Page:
- Paperback: 448 pages
- Publisher: Morgan Kaufmann; 1 edition (December 16, 2014)
- Language: English
- ISBN-10: 0124166911
- ISBN-13: 978-0124166912
- Product Dimensions: 7.5 x 1 x 9.2 inches
- Shipping Weight: 2.1 pounds (View shipping rates and policies)
- Average Customer Review: 4.0 out of 5 stars See all reviews (2 customer reviews)
- Amazon Best Sellers Rank: #684,714 in Books (See Top 100 in Books)
Enter your mobile number or email address below and we'll send you a link to download the free Kindle App. Then you can start reading Kindle books on your smartphone, tablet, or computer - no Kindle device required.
To get the free app, enter your mobile phone number.
There's Not an App for That: Mobile User Experience Design for Life 1st Edition
Use the Amazon App to scan ISBNs and compare prices.
Prepare for your professional certification with study guides and exam prep tools from Wiley. See more
Customers who viewed this item also viewed
What other items do customers buy after viewing this item?
"...a book for practitioners, researchers, and students who want a glimpse at possible futures for mobile app design, or who agree with the authors’ assertion that 'headsdown thinking' is not the optimal approach for mobile user experience." --Technical Communication
"...focuses on mobile users and tries to determine a good user experience design…The interface should provide a user experience that is more people-oriented rather than technology-oriented...an interesting book and the concept is explained clearly." --Computing Reviews
"The authors give great examples of inspiration from food, fashion, fitness, and even from mess and uncertainty. They discuss how a design can enhance mindfulness…" --User Experience
From the Back Cover
There's Not an App for That will make your work stand out from the crowd. It walks you through mobile experiences, and teaches you to evaluate current UX approaches, enabling you to think outside of the screen and beyond the conventional. You'll review diverse aspects of mobile UX: the screens, the experience, how apps are used, and why they're used. You'll find special sections on "challenging your approach", as well as a series of questions you can use to critique and evaluate your own designs. Whether the authors are discussing real-world products in conjunction with suggested improvements, showcasing how existing technologies can be put together in unconventional ways, or even evaluating "far out" mobile experiences of the future, you'll find plenty of practical pointers and action items to help you in your day-to-day work.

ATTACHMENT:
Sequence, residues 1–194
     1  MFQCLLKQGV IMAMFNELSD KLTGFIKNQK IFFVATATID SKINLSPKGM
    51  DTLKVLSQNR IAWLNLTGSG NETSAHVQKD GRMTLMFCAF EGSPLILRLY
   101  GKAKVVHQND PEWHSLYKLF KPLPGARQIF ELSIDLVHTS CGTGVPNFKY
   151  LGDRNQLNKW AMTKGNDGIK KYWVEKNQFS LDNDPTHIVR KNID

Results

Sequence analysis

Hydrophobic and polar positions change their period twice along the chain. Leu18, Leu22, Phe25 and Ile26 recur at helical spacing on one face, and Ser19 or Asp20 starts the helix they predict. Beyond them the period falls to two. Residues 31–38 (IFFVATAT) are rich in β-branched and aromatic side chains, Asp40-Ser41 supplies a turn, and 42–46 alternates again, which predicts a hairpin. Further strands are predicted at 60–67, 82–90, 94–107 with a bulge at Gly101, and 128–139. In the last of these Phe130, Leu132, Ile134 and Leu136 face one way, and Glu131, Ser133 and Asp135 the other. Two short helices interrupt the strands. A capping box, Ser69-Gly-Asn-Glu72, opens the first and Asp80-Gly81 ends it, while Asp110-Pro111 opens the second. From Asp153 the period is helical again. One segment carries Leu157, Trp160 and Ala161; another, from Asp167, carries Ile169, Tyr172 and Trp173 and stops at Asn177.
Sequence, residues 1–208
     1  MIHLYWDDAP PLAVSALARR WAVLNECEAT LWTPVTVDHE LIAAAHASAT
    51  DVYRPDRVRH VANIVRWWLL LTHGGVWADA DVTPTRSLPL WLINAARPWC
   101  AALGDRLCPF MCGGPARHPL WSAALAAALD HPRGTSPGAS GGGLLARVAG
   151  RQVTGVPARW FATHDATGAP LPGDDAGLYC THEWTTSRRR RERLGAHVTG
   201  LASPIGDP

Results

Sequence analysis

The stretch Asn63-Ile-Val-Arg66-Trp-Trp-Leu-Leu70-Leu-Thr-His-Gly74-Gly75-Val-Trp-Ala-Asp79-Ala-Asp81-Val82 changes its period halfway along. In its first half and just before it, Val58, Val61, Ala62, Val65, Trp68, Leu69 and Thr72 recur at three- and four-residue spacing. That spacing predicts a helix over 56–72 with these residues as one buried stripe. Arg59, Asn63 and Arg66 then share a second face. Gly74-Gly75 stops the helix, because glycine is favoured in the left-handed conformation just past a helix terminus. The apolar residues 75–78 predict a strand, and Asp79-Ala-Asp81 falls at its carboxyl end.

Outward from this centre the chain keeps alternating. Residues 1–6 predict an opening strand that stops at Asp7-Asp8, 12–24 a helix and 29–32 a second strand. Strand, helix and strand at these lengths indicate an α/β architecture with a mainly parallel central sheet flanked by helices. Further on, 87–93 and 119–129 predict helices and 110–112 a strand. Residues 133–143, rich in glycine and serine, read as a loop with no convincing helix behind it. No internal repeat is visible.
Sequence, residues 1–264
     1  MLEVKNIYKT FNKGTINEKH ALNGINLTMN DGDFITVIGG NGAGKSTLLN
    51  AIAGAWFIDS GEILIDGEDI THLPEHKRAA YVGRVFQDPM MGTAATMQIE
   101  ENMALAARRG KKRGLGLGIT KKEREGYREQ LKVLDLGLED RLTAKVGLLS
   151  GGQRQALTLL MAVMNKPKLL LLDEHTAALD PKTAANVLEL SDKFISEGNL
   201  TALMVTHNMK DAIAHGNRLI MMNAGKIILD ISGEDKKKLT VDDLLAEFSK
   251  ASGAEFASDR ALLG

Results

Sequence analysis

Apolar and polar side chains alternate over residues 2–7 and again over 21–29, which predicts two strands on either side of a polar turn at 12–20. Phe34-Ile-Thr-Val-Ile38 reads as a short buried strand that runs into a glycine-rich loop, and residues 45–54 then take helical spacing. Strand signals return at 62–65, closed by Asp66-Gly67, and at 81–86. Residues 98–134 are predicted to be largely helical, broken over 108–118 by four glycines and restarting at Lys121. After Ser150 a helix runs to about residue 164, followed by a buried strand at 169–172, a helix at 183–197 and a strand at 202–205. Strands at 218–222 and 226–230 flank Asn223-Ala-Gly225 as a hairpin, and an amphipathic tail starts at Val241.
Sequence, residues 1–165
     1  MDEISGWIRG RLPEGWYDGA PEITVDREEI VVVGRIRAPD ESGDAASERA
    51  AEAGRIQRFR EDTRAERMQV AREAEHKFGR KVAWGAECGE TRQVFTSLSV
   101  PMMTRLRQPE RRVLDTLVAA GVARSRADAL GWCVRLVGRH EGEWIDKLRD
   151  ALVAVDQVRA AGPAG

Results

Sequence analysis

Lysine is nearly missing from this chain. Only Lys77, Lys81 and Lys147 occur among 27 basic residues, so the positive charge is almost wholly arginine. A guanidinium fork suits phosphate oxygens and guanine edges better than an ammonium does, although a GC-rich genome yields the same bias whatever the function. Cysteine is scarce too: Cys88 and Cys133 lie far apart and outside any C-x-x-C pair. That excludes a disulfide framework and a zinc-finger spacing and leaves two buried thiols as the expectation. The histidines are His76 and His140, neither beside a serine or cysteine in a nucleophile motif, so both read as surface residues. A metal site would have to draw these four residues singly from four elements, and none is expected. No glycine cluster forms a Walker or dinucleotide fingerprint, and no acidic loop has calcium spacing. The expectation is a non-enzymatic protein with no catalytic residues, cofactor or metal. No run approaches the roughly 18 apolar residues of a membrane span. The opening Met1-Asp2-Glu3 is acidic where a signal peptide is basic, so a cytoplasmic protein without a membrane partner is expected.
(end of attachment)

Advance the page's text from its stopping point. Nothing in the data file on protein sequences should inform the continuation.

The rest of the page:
Ben Shneiderman, Professor of Computer Science at the University of Maryland Human-Computer Interaction Lab; coauthor of Designing the User Interface: Strategies for Effective Human-Computer Interaction
"The authors have served up a fresh and exciting challenge for designers, students and researchers, inviting them to dare to think differently. Instead of simply following the default framing of technological design in terms of yet another 'looking down' app they ask the reader to look up and around them and be inspired by how we actually live our lives when 'out there', app-less. They bring them into this new world order using their inimitable style that has become their hallmark: witty, provocative, engaging and highly accessible. The book draws on many insightful examples and before-their-time, at-the-edge research projects, widening the scope of topics to include food, fashion, new materials and the art of being more mindful. The secret, it seems, to creating the next generation of technologies that is not another app is to make us feel truly alive by capitalizing on how we use all of our senses in the world."
Browse award-winning titles. See more
If you are a seller for this product, would you like to suggest updates through seller support?
Top Customer Reviews
The book is divided into sections, each with a theme: moving from simply touching a mobile device to more rich interaction; encouraging people to engage with the world around them rather than focusing on the device in their hands; thinking about alternatives to clean, streamlined design; looking at the dividing line between personal, private devices and public interaction; how to encourage more mindfulness in interaction and connection between people; and how to think more universally about design and UX, to include the developing world.
Each section has several short, easy-to-read chapters, making the book easily digestible in small chunks. There are plenty of pointers to other resources to expand on the themes in the book, from web pages and videos to research papers.
Although not structured enough for an undergraduate text, I'm using the book as a textbook for a graduate-level mobile human-computer interaction class and the students are enjoying it very much. It provides a lot of good fodder for discussion.